I haven’t written a great deal this year. To say it’s been full is an understatement. Amongst other significant things my eldest daughter has completed her journey through university and landed on the other side a qualified Speech Therapist. She can now gently, but firmly, berate and correct my speech deficiencies as a professional rather than an amateur. Her final dissertation only reflected the dedication she applied to her profession by receiving a resounding well deserved First.
(How utterly proud of Emily am I?)
After spending the last four years waiting for that day to arrive, when I believed she would be treating small children to manage a reasonable “S” as they spoke with – in the scenes in my mind – brilliantly comic results, involving covering their enraptured audience with saliva and lots of slurping, imagine my surprise when I discovered her job entailed so much more.
From treating a variety of neurological disorders, dementia, stroke victims and adults with learning difficulties, it was a vast distance away from what I believed she would be involved in – taking off a water proof smock and mopping up a small child’s spittle after a session of teaching him to say
I actually felt slightly cheated when I realized how in-depth and serious her job was. Not, I hasten to add, that I take any of these conditions lightly, but like any normal healthy individual leading a busy life, it never really crosses my mind much until it’s placed firmly in front of me.
Meeting some of the people she has befriended during the last four years in Sheffield completely humbles me. But I wouldn’t have met them if Emily wasn’t Emily and had taken the opportunity to embrace friendships that I would have shied away from, because, I’m honest enough but also ashamed to admit, they were so far outside my comfort zone of dealing with.
If we come into contact with someone with a significant disability we automatically treat them as slightly invisible because we don’t know how to relate comfortably with their illness. So instead having a normal conversation, we end up slightly patronizing, or talking far too loudly to them because, of course, the natural assumption is they’re slightly simple too. After all, everyone knows, If you shout a question SLOWLY BUT CLEARLY, they’re going to UNDERSTAND IT…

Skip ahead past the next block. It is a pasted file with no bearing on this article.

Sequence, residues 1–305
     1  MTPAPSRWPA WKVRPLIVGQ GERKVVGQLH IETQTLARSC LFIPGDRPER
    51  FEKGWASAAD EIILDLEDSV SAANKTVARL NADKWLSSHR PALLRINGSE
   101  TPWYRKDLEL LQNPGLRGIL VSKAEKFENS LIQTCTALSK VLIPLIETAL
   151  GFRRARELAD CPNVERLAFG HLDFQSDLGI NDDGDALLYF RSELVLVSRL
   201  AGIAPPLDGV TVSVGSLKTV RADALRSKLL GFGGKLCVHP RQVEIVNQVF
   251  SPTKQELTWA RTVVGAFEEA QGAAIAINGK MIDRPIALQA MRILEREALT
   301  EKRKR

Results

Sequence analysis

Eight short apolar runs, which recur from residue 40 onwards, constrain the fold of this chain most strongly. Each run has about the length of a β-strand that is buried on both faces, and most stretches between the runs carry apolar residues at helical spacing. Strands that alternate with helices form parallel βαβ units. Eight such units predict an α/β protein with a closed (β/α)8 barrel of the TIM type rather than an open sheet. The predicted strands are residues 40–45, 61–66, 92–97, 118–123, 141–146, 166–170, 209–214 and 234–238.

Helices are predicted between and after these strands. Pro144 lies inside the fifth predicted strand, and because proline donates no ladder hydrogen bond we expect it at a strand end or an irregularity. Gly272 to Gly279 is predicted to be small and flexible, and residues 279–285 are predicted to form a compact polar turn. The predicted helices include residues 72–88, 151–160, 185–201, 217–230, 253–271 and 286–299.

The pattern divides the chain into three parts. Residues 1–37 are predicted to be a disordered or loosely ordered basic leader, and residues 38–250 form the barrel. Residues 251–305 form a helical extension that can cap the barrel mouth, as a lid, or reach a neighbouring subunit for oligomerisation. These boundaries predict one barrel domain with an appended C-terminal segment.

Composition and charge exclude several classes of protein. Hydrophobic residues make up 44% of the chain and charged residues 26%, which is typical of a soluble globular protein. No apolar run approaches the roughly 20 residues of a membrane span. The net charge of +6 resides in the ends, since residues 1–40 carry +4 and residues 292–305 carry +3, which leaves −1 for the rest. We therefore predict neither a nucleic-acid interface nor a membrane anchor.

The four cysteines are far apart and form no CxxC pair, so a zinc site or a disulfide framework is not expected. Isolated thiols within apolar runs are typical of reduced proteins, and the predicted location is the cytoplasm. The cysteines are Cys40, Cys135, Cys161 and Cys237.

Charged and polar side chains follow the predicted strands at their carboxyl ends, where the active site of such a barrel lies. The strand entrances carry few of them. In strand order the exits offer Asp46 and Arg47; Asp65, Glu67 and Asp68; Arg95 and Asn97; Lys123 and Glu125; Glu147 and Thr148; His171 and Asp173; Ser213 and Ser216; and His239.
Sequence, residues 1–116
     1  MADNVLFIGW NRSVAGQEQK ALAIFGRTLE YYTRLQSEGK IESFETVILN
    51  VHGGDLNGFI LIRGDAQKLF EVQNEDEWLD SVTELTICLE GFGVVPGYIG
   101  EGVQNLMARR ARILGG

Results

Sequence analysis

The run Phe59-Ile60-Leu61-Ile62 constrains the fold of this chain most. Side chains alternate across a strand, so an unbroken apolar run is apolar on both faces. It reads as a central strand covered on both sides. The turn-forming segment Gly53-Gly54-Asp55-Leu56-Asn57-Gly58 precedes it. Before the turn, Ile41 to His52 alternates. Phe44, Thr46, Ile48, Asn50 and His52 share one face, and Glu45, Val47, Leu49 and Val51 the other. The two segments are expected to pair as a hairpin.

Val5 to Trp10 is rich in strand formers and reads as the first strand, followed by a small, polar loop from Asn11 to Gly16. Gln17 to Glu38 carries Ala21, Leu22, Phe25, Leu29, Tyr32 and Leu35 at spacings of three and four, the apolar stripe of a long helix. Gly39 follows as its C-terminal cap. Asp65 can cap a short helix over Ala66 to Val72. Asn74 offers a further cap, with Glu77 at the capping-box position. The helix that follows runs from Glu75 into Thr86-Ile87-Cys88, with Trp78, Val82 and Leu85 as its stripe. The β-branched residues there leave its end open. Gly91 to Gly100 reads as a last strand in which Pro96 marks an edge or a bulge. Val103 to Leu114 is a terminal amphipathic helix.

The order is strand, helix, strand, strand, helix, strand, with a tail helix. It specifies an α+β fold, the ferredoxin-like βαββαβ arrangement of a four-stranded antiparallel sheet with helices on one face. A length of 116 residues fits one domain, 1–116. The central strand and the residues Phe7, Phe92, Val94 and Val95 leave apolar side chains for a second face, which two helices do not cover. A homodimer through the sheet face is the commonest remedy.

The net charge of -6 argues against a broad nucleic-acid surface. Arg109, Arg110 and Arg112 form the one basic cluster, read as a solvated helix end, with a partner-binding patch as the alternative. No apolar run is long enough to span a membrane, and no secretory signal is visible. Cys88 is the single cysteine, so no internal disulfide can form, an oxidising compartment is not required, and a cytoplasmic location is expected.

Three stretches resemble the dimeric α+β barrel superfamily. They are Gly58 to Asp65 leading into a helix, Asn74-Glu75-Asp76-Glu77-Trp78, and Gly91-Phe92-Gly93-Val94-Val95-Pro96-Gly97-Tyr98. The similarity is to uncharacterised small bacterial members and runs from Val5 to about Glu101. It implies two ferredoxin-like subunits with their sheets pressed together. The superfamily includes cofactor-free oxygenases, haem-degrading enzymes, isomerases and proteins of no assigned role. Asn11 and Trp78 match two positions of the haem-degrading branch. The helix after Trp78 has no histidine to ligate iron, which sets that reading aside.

It was only through Emily that I met such a person to find – and I have to say it does actually distress me somewhat – he was a perfectly normal person trapped in body he couldn’t control and communicated by blinking his way through the alphabet. But what a sense of humour!
There’s been many a Christmas I’ve been half drunk and some genius always shouts out to play a party game. You know the one? Label stuck on your forehead while you take turns to guess who or what you are by asking questions. As soon as you get a “No” your turn ends. Then you have to wait 10 minutes for your turn to come back round. By which time, I have no idea what I asked in the first place and begin a deja-vu existence of asking the same questions for the next hour or so.
So I’m sat with him and I know eyes up mean A to L. Eyes down M to Z. He lets you work through the alphabet and blinks to stop you at the letter, eventually spelling the word.
I sat and weighed it up. This man, his situation. The cage that was his body and how he had to communicate. And I had to warn him upfront.
I told him I thought I must have a concentration deficiency and to please bear with me because I would ,
A. By the third word have lost track of the previous two and
B. By the 4th, have forgotten wtf the question was in the in the first place and
C. It was just a small mercy that I wasn’t dyslexic.
I can’t even begin to tell you, how humbling it was to meet such an inspiring person. How much he laughed in the space of time I was lucky enough to spend with him. He saw the humour in almost everything we talked about. And the most animated expressive part of him was his piercingly blue eyes.
Emily has since returned to Manchester but is in regular contact with him and she either travels to see him or he travels here with his helper. That’s for another story.
But that’s Emily. She is probably the kindest, most patient person I know and I don’t know another person who enriches others so much just by giving them out-and-out committed, unsolicited attention.
It completely took away the comical, thigh slapping images I’d spent four years streaming through my mind of what her future job would entail.
Yet again I had a life reminder of how unfortunate some people are and how distressing some of these conditions can be for those involved. As much for those suffering as for those surrounding the patients and being forced to witness a neurological illness or devastating decline from one.